Ventricular Assist Devices at Norton Children’s Heart Institute

Expertise and advanced treatment options available at Norton Children’s Heart Institute, affiliated with the UofL School of Medicine, provide a bridge for patients awaiting a heart transplant. If a heart transplant is necessary, we have sophisticated ventricular assist devices (VADs) to help keep the child stable until a donor heart is available. VADs are surgically implanted pumps that help support the heart for days or months.

If you think your child may need a consultation, call us. We can get you an appointment quickly.

Who Needs a VAD?

Your child will receive a thorough examination from a team that includes Norton Children’s Heart Institute transplant team physicians, pediatric cardiothoracic surgeons, neurologists, an infectious disease specialist, pediatric psychology provider and a Hearts & Hands Care Team member.

Children with the following conditions may require a VAD:

  • Chemotherapy-induced heart dysfunction
  • Chronic and acute heart transplant rejection
  • Congenital heart disease
  • Dilated cardiomyopathy
  • Duchenne muscular dystrophy cardiomyopathy
  • Hypertrophic cardiomyopathy
  • Left ventricular noncompaction cardiomyopathy
  • Myocarditis
  • Restrictive cardiomyopathy

What Kind of VAD Will My Child Get?

Our sophisticated VADs include:

Short-term VADs

  • Aortic balloon pump
  • Extracorporeal membrane oxygenation (ECMO) – Provides help with breathing and heart function for days or weeks while the child receives care in the hospital during severe cardiac and/or respiratory dysfunction.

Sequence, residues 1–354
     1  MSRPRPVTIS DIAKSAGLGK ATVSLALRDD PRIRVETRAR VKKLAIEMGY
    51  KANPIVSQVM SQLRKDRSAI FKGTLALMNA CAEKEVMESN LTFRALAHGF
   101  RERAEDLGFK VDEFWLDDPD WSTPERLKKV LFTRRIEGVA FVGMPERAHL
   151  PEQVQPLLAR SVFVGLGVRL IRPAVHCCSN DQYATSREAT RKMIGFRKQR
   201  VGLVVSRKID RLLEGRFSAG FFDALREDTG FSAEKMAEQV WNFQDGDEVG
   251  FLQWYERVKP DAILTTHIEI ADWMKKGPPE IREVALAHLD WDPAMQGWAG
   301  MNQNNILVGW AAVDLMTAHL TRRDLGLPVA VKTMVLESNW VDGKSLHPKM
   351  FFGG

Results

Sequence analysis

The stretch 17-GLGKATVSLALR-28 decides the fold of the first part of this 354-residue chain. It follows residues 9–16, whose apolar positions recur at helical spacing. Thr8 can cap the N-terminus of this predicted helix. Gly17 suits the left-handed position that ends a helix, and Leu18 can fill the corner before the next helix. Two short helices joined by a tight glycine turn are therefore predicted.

• Impella heart pump – A tiny, state-of-the-art device threaded through an artery into the heart; the device pulls blood from the left ventricle and pushes it into the ascending aorta, mimicking the work of a healthy heart.
  • Rotaflow left or right ventricular assist device– A motor that pulls blood from the circulatory system before it gets to the dysfunctional ventricle and pushes it into the artery following the ventricle, acting as a temporary pump.

Long-term VADs

  • Berlin Heart EXCOR – The first pediatric VAD to get U.S. Food and Drug Administration approval; has been in use since 2011. A type of artificial heart, the Berlin Heart EXCOR takes blood from the left ventricle into a small pump located outside the body and pumps it into the aorta. This relieves the child’s heart by not having to work as hard.
  • HeartWare HVAD – An implanted heart pump; the external part of the device is a controller that connects to the pump through a small wire inserted through the abdomen. As a left ventricular assist device, this has a motor that removes blood from the left ventricle and shoots it into the aorta.

How Is the VAD Placed?

First the patient is evaluated. This process varies from patient to patient. It may take a day or a week. Afterward, a VAD-trained surgical and perfusion team implants the device through an open heart procedure, which includes the attachment of the outflow and inflow tubing to the heart and the aorta, or main artery of the body. The pump is then attached to the tubes and pumps blood to the body.

The patient recovers in the intensive care unit until they are stabilized. The patient is then transitioned to our step-down unit to wait for their transplant or prepare to wait at home.

After the Procedure

Our VAD team will train and prepare the patient and caregivers if they will be going home. Children who qualify for discharge from the hospital will be closely followed as an outpatient.

Going Home

For children discharged from the hospital with a VAD, our educators will help train the child’s family and caregivers, as well as emergency response caregivers in the community, in case of emergency. A VAD team member is available 24 hours a day for questions.